What do I, as a former state and federal prosecutor, and long-time criminal defense attorney (with an actual trial practice) think about all this? Like much of the Massachusetts defense bar, I think it's great and important ,and that it's "about time” we joined the twenty-two other states (AR, AL, AK, CT, FL, GA, IA, KS, LA, MO, MT, NV, ND, NB, OR, RI, SD, TN, TX, VT, WA and WY) who have long promulgated attorney conducted juror voir dire, as well as the eighteen other states that have long promoted a combination of judge and lawyer conducted juror voir dire (CA, CO, HI, ID, IL, KY, MI, MN, MS, NM, NV, NY, OH, OK, PA, VA, WI and WV).
I actually "cut my teeth" in my first full-time job as a prosecutor in a state (NY) where attorney conducted voir dire was allowed. Yes, both sides sometimes tried to conduct "trials within trials" during jury selection, and sometimes blatantly used certain juror questions to begin to influence a juror's thinking (and/or to test the theory of their respective cases). Also, attorney conducted juror voir dire could often add weeks to the length of any given trial. Still, once I returned to my native Massachusetts (again, at first, as a prosecutor), I couldn't help but notice how little information the underlying selection process provided here in both state and federal court — often not much more than the standard "name, rank, and serial number" responses derived from brief, generic juror questionnaires (age, address, employment, spouse/partner employment, criminal record, ties to criminal justice system). Yes, judges routinely ask(ed) the standard "can you be fair; have you heard about this case; have you formed an opinion; can you follow my instructions; do you tend to believe police" questions; and in sex crime(s) and murder cases judges routinely conduct some degree of individual (side-bar) questioning - but not a lot. I couldn't help but once again contrast how much I learned about my client's prospective jury during the attorney voir dire selection process in California last year in the Clark Rockefeller murder case, and keep thinking now about how little our clients here wind up knowing about the twelve "members of the community" who are about to decide their fate and, often, their future, via a process which, amazingly, could sometimes be completed in a half of a day or less in both state and federal court here in Massachusetts.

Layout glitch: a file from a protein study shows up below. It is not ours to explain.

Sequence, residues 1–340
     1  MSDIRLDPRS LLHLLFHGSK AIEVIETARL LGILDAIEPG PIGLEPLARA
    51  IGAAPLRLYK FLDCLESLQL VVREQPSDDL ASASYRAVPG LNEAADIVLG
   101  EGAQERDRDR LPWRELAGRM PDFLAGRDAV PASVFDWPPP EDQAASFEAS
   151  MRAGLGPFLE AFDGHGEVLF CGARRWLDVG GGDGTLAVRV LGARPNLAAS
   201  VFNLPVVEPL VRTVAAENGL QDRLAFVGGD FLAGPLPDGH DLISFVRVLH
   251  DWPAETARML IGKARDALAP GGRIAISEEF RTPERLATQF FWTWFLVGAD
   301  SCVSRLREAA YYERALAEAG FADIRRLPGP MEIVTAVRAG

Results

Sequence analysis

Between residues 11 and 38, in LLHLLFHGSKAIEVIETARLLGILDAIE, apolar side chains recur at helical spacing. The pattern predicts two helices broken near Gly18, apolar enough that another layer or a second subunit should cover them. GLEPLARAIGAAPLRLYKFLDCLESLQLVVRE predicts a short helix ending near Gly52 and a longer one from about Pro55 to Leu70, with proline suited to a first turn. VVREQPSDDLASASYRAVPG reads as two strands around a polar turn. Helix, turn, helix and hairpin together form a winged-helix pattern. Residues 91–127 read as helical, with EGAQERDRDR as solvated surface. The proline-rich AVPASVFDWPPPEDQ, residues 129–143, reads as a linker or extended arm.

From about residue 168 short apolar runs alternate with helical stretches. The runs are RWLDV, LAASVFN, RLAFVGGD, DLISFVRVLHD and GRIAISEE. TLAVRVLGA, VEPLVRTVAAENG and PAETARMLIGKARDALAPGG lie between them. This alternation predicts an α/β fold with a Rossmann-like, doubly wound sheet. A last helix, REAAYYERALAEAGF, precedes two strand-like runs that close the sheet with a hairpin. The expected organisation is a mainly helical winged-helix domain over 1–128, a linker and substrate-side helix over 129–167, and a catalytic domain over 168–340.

So yes, this is not only a welcome change, but one that is extremely important to assuring an accused his or her fundamental and constitutional right to be judged by a thoroughly unbiased and impartial jury of their peers. In fact, this judicial initiative is considered so important to a defendant's right to a fair trial that Aaron Hernandez' trial attorneys are already requesting permission to utilize it for his Bristol County 1st degree murder trial in the Odin Lloyd case when jury selection begins on January 9, some twenty-three days before it becomes officially effective. It's not just good lawyering that is prompting them to do this, it's also common sense given the underlying implications of the SJC's Order — i.e., We need to get, and do, this right! For that reason, I predict Judge Garsh will agree with the defendant's request and Aaron Hernandez will no longer have the singular distinction of being the first active professional athlete in the Commonwealth's history to stand trial for first degree murder, but his will also be the first murder case in Massachusetts where this common sense practice is employed.
As a defense attorney, it's my job to question everything; now in Massachusetts, it's also my job to question everyone, including prospective jurors. I think that's a major score, or in Aaron Hernandez' case, at least a two point conversion.